Perhaps no other cocktail--some even argue that it is even a cocktail at all--has generated more debate across the bar than the Martini. Shaken or stirred? Vodka or gin? Olive or lemon peel? These argumentative questions are forever ingrained into imbibers of what most agree to be the king of all spirit concoctions. Entire books have been written on the subject. While there is no doubt that there are many ways to make a Martini, spirits enthusiasts agree that the drink has evolved over time to suit the tastes of the population it has served. To most, the most common topic of debate seems to be shaking versus stirring. While both have pros, the also have cons to their method of creation.
I, too, have engaged in the debates. I have spent hours testing different methods to determine the best. Then I chanced upon a bartender in Boise, Idaho who had made what I consider the perfect martini. And it is neither shaken, nor stirred. It is marinated.
Pat Carden, an old school bartender who would never dare shake a martini, discovered the preparation by accident over 20 years ago while bartending in California. A guest ordered up a martini but needed to step out for a few minutes as Pat had poured the ingredients into the mixing glass but had not stirred it yet. To save the drink, he put it in ice and when the guest returned much, much later Pat offered to make him another drink. The man, however, insisted he have the one Pat put in cold storage. Expecting it to be watered down from sitting in ice for over 20 minutes, the man was surprised to find it was the smoothest martini he'd ever tasted.
At his bar in Petaluma, California, Pat would have clients call ahead at the north end of Marin as they commuted home from San Francisco. It took them approximately 10 minutes to arrive and the name stuck. Pat's Martini has gained popularity in every city he has tended bar. In Boise, it has won the city's Martini Mix-Off for two years in a row.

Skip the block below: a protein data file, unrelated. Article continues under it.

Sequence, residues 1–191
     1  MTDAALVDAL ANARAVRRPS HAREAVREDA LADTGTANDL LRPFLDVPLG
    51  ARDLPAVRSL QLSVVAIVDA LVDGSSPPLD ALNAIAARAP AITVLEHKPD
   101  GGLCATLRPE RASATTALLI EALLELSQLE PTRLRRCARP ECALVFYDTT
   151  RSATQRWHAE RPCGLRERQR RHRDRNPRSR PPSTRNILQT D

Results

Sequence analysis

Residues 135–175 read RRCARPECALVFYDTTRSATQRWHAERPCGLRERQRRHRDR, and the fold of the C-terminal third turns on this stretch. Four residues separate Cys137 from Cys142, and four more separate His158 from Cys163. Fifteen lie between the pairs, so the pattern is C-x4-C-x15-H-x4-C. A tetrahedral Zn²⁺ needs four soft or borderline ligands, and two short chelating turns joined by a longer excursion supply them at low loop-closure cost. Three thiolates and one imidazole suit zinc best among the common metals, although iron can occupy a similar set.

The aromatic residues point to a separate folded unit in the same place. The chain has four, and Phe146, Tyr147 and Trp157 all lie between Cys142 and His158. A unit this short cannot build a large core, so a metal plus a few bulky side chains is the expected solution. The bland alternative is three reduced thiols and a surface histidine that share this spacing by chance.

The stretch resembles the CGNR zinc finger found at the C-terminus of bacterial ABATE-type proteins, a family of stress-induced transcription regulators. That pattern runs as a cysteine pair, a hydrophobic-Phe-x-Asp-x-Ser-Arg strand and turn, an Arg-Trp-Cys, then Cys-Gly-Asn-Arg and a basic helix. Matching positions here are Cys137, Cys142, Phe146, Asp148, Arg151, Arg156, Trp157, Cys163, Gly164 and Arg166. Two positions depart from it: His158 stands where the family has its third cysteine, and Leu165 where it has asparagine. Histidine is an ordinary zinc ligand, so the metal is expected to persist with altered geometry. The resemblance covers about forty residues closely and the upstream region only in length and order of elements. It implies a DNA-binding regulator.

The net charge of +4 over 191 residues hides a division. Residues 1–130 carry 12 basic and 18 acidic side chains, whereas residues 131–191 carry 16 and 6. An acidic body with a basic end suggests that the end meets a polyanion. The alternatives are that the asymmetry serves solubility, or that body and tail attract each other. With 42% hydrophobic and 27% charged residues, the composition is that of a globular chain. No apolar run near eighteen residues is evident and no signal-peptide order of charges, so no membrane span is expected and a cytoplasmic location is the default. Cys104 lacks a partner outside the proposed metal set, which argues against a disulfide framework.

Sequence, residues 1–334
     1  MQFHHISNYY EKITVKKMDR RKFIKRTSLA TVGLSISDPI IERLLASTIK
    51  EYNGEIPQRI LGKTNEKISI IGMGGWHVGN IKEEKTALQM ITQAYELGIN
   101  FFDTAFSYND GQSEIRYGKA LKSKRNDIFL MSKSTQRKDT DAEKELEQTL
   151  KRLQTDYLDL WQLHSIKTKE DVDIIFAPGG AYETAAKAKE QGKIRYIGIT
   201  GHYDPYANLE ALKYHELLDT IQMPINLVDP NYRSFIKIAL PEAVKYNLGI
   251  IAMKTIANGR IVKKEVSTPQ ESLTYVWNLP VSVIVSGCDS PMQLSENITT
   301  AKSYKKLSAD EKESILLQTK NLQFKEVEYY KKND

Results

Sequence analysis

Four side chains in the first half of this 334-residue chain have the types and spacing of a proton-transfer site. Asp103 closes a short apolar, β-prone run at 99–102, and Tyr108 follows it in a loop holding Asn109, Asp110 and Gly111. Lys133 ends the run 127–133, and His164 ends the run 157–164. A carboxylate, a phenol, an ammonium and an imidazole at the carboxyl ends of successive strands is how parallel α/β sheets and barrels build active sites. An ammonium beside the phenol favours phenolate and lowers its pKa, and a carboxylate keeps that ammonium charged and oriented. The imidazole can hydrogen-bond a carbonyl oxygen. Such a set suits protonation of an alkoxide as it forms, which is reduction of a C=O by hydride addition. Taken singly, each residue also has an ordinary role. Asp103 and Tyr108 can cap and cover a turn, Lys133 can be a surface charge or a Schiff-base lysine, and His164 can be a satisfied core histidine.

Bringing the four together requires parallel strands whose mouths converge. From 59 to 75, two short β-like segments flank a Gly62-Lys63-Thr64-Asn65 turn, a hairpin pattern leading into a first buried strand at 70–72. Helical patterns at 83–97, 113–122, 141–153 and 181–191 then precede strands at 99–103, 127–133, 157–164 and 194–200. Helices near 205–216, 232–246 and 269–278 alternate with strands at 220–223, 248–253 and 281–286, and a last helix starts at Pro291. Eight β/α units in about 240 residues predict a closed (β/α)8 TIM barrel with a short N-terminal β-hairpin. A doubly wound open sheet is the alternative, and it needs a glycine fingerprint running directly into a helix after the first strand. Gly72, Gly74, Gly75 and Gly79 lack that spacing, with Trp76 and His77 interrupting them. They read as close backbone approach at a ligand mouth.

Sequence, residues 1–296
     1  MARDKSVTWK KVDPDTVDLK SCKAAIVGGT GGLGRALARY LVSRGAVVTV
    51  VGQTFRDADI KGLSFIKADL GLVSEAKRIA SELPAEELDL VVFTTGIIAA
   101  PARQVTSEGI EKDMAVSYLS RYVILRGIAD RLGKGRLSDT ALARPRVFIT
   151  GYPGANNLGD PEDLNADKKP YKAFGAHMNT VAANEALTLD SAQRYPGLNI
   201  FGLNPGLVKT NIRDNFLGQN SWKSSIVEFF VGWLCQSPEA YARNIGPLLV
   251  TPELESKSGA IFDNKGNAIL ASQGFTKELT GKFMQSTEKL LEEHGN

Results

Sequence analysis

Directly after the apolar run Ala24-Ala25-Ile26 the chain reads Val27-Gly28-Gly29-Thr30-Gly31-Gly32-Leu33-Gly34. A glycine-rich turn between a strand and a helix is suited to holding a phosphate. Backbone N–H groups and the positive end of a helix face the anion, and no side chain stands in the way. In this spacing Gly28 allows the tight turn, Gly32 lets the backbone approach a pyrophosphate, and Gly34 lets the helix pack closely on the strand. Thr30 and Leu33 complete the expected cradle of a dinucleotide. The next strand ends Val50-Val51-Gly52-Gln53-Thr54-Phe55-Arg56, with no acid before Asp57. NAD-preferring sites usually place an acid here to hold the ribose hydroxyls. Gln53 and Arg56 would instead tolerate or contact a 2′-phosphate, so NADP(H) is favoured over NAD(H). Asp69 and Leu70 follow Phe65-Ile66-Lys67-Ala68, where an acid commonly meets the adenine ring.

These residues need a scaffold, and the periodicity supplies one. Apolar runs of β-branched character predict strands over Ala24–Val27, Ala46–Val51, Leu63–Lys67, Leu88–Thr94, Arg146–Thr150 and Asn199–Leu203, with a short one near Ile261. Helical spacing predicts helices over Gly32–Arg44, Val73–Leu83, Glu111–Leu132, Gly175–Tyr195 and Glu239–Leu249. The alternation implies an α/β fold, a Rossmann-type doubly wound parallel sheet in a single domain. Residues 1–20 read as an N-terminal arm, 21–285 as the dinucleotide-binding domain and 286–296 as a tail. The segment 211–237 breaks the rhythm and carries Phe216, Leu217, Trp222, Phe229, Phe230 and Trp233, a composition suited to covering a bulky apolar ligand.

His process is simple. In the cocktail shaker is put ice, gin and vermouth. The whole thing is then sunk into an ice bucket and left to sit for 10 minutes. No stirring, no shaking occurs. Pat believes that the secret lies in basic physics. As molecules of liquid chill, they descend in a suspension displacing the molecules below and causing a very slow stirring, a marinating if you will. I've witnessed the process many times and I believe that because the ice is well below freezing, the alcohol does not melt very much of it inside the shaker. Much like making ice cream the old fashioned way, the salt--in this case the alcohol--keeps the whole concoction cooler than 32 degrees when combined with ice. Almost every time, the shaker is pulled out of the ice encased with surrounding ice cubes, a sign that the whole thing is much colder than freezing and dangerously tempting to touch with your tongue, especially after about 30 minutes worth of his Martinis.
"Shaking a Martini is like slam dancing," Pat says. "The partners, in this case the gin and vermouth, never really get close. Stirring a martini is like a waltz. The partners are closer and there is a hint of romance. But the 10-minute Martini is a very slow and romantic dance through the ice. The partners relate to each other in an intimate manner resulting in marriage."